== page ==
Denver advances outsourcing contracts for workforce, youth programs

Source: Jon Murray, Denver Post, May 10, 2016

Some council members and leaders of current local service providers have concerns about inking the main contracts in the total $9.4 million-a-year arrangement with out-of-state vendors, while city officials defended the proposed system as more efficient, cutting-edge and likely to help more people find work. ResCare Workforce Services, based in Louisville, Ky., won the contract for the lead role in the new multi-partner system; city officials noted that the three competitors for ResCare’s $6.7 million contract all were big out-of-state companies. … The Denver Office of Economic Development more recently has helped arrange subcontractor deals with Urban Peak, Servicios de la Raza and the Denver Housing Authority to aid DWS, whose contract may increase in cost as a result, an official said. They would join a handful of other local partners in the contracts. … The largest proposed contract is for ResCare. Starting July 1 it would run one-stop workforce centers across the city, replacing those now run by municipal employees. It also would provide case management, including employment services, for local recipients of the Temporary Assistance for Needy Families and Colorado Works programs. …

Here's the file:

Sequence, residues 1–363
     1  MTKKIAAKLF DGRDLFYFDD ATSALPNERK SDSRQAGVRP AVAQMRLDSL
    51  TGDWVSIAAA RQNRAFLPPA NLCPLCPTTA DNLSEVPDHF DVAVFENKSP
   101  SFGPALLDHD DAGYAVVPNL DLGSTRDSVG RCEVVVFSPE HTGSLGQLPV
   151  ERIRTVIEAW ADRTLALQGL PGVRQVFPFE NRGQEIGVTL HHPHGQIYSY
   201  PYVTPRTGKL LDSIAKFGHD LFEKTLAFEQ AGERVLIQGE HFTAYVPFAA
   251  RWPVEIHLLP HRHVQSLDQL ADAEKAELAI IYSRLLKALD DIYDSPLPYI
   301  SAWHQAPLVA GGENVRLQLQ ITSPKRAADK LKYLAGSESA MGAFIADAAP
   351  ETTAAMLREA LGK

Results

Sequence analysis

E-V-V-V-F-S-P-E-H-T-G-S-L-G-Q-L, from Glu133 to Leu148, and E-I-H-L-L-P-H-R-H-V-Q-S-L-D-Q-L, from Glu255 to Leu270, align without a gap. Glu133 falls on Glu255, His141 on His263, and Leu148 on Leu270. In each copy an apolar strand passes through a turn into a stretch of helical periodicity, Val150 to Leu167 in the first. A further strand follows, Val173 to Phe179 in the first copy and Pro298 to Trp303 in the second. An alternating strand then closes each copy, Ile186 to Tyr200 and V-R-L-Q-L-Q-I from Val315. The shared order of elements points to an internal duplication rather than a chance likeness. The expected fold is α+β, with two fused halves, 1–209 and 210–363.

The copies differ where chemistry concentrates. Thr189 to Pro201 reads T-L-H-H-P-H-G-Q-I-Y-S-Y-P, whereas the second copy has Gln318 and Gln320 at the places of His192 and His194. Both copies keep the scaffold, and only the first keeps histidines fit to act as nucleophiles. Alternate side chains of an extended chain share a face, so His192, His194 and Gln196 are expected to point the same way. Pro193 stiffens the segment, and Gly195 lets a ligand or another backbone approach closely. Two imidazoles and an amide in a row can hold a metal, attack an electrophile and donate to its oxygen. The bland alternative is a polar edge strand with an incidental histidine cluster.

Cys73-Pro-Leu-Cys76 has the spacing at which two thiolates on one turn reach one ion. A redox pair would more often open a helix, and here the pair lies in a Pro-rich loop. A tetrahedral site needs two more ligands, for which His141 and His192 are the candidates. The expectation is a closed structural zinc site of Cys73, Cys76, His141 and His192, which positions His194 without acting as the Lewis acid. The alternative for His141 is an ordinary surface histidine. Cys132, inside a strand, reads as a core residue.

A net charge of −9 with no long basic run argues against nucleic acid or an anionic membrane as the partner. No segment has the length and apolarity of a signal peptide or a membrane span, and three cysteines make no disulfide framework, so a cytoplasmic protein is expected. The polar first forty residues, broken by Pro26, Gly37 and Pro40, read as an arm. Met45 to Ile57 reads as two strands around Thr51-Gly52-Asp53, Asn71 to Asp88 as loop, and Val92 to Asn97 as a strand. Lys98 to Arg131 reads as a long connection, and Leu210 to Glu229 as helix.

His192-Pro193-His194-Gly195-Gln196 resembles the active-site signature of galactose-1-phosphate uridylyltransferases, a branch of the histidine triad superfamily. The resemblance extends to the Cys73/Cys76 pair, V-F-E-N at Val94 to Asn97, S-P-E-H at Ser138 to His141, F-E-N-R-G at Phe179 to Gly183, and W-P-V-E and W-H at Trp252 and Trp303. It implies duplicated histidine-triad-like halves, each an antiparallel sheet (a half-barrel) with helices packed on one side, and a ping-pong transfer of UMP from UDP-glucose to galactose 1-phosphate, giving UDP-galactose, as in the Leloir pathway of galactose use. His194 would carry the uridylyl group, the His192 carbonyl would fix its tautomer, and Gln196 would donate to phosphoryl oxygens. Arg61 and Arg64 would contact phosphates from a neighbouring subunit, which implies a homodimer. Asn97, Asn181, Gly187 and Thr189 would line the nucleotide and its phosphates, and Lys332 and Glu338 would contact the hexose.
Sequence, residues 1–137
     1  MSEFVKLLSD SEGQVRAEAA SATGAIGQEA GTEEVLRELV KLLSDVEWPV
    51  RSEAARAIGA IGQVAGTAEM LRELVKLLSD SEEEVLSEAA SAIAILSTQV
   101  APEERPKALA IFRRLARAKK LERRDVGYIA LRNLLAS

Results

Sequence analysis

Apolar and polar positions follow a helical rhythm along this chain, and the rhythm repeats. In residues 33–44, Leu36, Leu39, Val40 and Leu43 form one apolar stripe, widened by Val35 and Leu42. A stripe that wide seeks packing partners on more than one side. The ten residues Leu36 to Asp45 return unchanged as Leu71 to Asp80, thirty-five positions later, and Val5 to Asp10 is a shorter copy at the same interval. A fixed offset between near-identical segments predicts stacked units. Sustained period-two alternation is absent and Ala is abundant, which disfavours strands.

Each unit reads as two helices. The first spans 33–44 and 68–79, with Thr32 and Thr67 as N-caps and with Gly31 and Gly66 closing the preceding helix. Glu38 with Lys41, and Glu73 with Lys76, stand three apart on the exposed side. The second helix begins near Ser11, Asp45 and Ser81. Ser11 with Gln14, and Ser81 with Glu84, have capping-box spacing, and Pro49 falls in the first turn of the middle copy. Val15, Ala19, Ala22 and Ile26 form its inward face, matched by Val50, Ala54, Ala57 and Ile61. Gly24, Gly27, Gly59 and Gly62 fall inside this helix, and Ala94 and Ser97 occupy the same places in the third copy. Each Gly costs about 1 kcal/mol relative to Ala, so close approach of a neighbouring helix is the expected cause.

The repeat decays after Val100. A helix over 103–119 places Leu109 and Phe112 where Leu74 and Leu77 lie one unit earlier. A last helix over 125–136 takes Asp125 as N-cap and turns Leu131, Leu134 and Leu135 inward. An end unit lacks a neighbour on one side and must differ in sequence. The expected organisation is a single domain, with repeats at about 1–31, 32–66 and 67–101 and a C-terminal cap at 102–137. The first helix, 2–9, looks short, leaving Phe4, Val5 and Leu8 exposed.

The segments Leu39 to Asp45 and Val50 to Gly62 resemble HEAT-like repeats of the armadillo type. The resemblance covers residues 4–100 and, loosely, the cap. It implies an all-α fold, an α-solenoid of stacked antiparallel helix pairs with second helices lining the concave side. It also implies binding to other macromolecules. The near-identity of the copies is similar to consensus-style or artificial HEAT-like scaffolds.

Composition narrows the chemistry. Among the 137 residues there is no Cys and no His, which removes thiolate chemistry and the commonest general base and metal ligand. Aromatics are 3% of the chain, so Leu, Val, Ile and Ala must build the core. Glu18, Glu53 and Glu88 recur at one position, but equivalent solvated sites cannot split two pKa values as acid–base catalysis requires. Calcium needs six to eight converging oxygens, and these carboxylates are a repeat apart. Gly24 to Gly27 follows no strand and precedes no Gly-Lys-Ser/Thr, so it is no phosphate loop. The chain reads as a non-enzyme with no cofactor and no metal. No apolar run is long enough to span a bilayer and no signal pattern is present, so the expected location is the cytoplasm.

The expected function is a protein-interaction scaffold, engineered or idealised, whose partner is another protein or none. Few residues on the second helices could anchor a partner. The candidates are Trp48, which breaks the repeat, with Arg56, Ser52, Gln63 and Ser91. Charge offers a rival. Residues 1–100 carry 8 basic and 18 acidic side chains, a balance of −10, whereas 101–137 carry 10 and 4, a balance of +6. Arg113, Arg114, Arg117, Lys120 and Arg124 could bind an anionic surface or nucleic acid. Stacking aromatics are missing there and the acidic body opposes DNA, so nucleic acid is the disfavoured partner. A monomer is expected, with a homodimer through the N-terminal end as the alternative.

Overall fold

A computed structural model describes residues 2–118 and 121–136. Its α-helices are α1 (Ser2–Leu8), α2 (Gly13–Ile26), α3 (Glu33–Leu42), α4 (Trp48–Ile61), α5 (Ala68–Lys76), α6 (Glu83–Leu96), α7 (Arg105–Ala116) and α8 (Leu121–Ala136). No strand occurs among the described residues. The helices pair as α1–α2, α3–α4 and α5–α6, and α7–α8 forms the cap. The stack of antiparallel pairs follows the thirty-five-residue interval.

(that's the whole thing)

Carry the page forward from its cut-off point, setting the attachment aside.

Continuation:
Denver says up to 180 jobs at risk in outsourcing of workforce centers
Source: Jon Murray, The Denver Post, August 4, 2015

Up to 180 Denver city employees could lose their jobs by next July after officials seek an outside operator for its three federally funded workforce centers. A spokesman for the Denver Office of Economic Development confirmed that estimate — which hasn’t yet been pinned down — after The Denver Post obtained a memo sent to city employees Friday afternoon by OED executive director Paul Washington. City officials blame the coming layoffs in workforce development on a pending new requirement in last year’s federal Workforce Innovation and Opportunity Act. The federal government is expected to require that operation of local workforce centers be competitively bid out to save on overhead costs, potentially freeing more money for training and employment-connection programs for job-seekers. … OED said it was giving employees an early notice of the change so that they’d be prepared. During the bid process next year, Woodbury said, OED “will encourage contractors to provide courtesy interviews to impacted staff.” The goal is for a contractor to take over the workforce centers July 1.